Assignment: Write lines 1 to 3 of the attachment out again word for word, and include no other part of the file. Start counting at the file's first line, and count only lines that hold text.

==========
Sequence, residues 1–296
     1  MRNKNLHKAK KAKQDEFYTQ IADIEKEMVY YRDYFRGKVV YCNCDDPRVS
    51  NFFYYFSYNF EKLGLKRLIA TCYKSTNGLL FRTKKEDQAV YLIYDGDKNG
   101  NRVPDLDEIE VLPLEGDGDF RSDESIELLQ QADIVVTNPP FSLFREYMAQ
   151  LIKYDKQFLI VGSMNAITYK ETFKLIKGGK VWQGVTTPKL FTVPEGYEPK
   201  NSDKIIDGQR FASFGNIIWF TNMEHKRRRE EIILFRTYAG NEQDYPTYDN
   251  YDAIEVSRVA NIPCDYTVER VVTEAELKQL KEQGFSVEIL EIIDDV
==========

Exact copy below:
Sequence, residues 1–296
     1  MRNKNLHKAK KAKQDEFYTQ IADIEKEMVY YRDYFRGKVV YCNCDDPRVS
    51  NFFYYFSYNF EKLGLKRLIA TCYKSTNGLL FRTKKEDQAV YLIYDGDKNG